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Stripe Rust Update, May 9, 2019

Posted by jason.sprott | May 10, 2019

Xianming Chen

Stripe Rust in the Eastern Pacific Northwest


Yesterday, we were checking wheat fields in Whitman, Garfield, Columbia, Walla Walla, and Franklin counties in Washington and Umatilla County in Oregon.  Winter wheat ranged from early jointing (Feekes 5) to heading (Feekes 10).  Stripe rust was found in several locations.

At Central Ferry (Garfield Co.), severe stripe rust was found on squirreltail (wild rye) grass (Elymus elymoides) (Figure 1) and bluebunch wheatgrass (Pseudoroegneria spicata).  In the past, stripe rust from these grasses were identified mostly stripe rust races commonly found on wheat plants or sometimes as unique wheat stripe rust races with very narrow virulence spectra.  Such a high severity level indicates that stripe rust infected plants in the last fall, might spread during the early warm winter, survived the cold February, and has been developing since February.  In contrast, no stripe rust was found in the winter wheat breeding nurseries at the same location, even though we were looking hard.

We stopped at our stripe rust nursery field in Walla Walla.  Stripe rust has developed a little bit since our last visit on April 17, slower than usual for three months.

At the Hermiston Experimental Station (Umatilla Co., OR), we checked the stripe rust monitoring nursery together with Dr. Ruijun Qin of Oregon State University.  Stripe rust was very easily found on many wheat entries (Figure 2).  Some entries had up to 30% severity from bottom to middle canopy.  This location had the most severe stripe rust on wheat plants.

Only commercial fields found with stripe rust were in the Connell area (Franklin Co.) in Washington.  Last week, Kevin Cochrane sent me an e-mail that stripe rust was found in a commercial field planted with variety Mela in southeast Connell and the field was sprayed with fungicide.  Yesterday, we stopped at the field.  Plants were at Feekes 9-10 and stripe rust was easily found (Figure 3), with incidence of infected plants about 3%.   In the field just east of that field, plants were at Feekes 6-7 and stripe rust was also found, but at a lower incidence.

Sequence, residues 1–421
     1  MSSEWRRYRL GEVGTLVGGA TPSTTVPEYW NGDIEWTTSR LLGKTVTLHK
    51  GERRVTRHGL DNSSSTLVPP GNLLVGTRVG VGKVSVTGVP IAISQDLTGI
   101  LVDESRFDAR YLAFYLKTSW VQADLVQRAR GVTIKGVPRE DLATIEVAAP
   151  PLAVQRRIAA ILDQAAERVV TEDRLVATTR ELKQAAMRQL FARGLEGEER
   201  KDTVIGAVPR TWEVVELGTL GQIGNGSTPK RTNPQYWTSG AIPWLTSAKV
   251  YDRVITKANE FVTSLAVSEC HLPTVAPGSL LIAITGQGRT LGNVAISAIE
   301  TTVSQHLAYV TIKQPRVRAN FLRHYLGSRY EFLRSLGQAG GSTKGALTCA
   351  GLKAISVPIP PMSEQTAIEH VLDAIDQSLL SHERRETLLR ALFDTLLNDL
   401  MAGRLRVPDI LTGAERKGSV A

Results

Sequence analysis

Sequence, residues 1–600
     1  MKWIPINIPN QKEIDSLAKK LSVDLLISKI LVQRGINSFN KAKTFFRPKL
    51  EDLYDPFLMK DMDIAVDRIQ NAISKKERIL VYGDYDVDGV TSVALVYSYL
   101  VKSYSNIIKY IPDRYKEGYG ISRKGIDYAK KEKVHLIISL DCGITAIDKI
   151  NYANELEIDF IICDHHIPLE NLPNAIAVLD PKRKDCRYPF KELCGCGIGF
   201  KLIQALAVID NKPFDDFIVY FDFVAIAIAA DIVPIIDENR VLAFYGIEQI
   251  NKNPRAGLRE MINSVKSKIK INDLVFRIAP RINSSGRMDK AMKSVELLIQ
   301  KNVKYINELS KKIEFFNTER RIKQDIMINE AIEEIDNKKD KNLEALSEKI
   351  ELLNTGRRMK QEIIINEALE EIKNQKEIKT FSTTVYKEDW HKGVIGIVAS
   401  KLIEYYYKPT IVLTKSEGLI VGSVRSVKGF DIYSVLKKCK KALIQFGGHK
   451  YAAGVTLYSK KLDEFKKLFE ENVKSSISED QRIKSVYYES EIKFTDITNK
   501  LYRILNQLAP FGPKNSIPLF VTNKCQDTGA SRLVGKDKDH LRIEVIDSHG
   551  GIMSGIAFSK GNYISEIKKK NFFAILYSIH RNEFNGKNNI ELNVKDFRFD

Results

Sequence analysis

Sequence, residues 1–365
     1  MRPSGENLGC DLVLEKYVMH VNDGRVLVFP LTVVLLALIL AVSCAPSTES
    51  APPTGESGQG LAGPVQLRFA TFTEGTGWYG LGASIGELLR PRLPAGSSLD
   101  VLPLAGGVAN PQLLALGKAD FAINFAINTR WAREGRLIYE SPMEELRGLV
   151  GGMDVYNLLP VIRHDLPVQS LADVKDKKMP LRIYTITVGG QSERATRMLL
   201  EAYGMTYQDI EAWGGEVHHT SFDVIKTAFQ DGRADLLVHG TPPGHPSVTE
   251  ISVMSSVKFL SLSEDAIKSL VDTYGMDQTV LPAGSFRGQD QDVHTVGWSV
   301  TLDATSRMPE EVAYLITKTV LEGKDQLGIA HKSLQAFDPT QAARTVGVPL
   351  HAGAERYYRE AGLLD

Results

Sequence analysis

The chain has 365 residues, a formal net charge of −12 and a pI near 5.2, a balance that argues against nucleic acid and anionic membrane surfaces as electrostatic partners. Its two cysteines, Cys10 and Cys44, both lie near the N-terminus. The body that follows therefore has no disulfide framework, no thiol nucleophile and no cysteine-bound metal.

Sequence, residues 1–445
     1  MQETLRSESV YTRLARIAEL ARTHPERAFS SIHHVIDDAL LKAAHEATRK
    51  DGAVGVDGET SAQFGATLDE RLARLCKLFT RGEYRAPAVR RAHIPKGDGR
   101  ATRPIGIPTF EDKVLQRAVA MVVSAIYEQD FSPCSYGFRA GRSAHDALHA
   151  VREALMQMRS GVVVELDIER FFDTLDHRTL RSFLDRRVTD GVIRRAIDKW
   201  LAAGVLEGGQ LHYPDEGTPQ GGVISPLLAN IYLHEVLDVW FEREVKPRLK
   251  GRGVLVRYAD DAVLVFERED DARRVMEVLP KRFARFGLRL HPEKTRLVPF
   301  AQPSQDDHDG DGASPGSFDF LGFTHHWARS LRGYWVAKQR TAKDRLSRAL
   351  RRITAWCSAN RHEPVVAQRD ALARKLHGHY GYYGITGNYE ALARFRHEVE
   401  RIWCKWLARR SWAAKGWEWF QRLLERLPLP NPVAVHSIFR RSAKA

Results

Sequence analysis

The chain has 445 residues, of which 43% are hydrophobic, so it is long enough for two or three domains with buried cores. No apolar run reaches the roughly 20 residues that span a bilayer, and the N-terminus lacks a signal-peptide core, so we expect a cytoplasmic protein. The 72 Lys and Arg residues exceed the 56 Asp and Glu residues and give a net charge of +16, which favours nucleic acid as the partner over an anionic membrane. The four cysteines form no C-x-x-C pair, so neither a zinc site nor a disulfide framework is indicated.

This morning, I was checking fields around Pullman (Whitman Co.).  Stripe rust was found in one of our experimental winter wheat fields (Figure 4).  The incidence was much less than that of this time in the last year.  This is the first observation of stripe rust in the Palouse region.

Overall, stripe rust is still low compared to this time of the last year.  Based on the current forecast, the weather in May will be dry, and dry and hot throughout the summer.  Such weather conditions will generally keep stripe rust pressure at a low level.  However, the relatively good soil moisture will generate dew for several weeks, although at short duration and low levels if without precipitation.  Such conditions will allow stripe rust developing although at a relatively low speed, compared to the highly wet conditions of May in the last year.  Fields planted with susceptible or moderately susceptible varieties may need fungicide application, but it would be better to check fields and use fungicides when stripe rust is found.  Fields planted with resistant or moderately resistant varieties may not need fungicide application.

Stripe Rust in Other States

So far, wheat stripe rust has been reported in Texas, Louisiana, Mississippi, Oklahoma, Kansas, Washington, California, Oregon, and Tennessee. Barley stripe rust has been reported in western Oregon, western Washington, and California.

Figure 1.  Stripe rust observed on grass Elymus elymoides in Central Ferry on May 8, 2019

Figure 2.  Stripe rust observed on wheat plants in Hermiston on May 8, 2019

Figure 3.  Stripe rust observed in a commercial wheat fields southeast Connell, May 8, 2019

Figure 4.  Stripe rust observed on susceptible check variety in an experimental field north Pullman, May 9, 2019

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